Medications Can Create Dementia Symptoms in Seniors

Doctor looking at a chart

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A woman in her 60’s had dementia symptoms including poor memory, incoherence, and lack of focus. However, her doctor thought something else may be going on rather than dementia. This woman was taking “Benadryl for seasonal allergies, another antihistamine for itching, Seroquel for mood fluctuations, as well as medications for urinary incontinence and gastrointestinal upset.” Her doctor decided to switch out these medications with alternative ones and within 6 months she seemed to recover completely.


Around 25% of seniors take anticholinergic drugs that are used to treat allergies, insomnia, leaky bladders, diarrhea, among other ailments. However, these same seniors are more susceptible to negative reactions when they take these anticholinergic drugs. These drugs target a chemical in the body that helps with memory and concentration which, in turn, can present themselves as dementia symptoms.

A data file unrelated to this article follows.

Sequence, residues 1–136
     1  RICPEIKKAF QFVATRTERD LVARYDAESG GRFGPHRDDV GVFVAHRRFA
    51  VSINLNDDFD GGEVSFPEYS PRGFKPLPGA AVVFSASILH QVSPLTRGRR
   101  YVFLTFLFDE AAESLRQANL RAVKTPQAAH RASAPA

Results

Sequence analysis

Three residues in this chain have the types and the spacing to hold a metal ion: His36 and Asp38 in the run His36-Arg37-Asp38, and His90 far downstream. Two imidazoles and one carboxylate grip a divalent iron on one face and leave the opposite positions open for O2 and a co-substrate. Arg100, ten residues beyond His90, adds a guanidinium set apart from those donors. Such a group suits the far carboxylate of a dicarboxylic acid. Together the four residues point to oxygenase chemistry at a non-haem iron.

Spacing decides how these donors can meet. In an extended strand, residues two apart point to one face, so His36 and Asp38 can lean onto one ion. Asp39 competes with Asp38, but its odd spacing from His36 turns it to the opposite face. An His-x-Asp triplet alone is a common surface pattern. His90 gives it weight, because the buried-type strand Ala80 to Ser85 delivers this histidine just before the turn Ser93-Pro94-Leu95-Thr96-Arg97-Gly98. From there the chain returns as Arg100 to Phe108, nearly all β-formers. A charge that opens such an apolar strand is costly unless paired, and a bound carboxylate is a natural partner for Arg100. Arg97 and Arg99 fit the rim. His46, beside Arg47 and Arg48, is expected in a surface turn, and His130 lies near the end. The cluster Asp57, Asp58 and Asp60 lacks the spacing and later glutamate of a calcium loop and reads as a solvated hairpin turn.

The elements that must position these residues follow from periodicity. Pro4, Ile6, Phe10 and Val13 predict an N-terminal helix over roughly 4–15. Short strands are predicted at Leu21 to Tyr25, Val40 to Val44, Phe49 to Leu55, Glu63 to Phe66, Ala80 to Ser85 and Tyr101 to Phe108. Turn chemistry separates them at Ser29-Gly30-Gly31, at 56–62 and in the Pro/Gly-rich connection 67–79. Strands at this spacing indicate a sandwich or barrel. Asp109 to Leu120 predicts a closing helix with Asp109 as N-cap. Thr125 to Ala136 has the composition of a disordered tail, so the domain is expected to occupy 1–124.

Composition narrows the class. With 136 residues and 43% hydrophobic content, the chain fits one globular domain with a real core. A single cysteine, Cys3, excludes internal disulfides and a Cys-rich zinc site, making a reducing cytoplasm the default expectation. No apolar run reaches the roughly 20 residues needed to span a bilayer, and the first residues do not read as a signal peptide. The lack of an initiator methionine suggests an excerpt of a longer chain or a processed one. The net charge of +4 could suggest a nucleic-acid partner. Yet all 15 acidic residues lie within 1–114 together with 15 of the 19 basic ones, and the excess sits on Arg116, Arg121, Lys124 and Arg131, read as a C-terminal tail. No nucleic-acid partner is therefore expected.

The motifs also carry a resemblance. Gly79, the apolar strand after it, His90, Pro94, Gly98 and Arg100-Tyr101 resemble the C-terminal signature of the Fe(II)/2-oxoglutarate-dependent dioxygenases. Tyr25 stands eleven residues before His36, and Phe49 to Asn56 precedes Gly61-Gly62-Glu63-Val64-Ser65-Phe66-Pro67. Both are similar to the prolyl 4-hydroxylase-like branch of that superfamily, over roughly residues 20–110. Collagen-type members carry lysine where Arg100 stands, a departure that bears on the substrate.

Some medications for seniors to watch out for are imipramine, antihistamines, antipsychotics, antispasmodics, and drugs for urinary incontinence. Doctors have a few tips for older members of the community when looking at medications: don’t assume that if a drug is over the counter that it’s safe for your brain, talk with your own doctor about the risks and benefits of going on an anticholinergic drug and don’t try stopping these drugs on your own.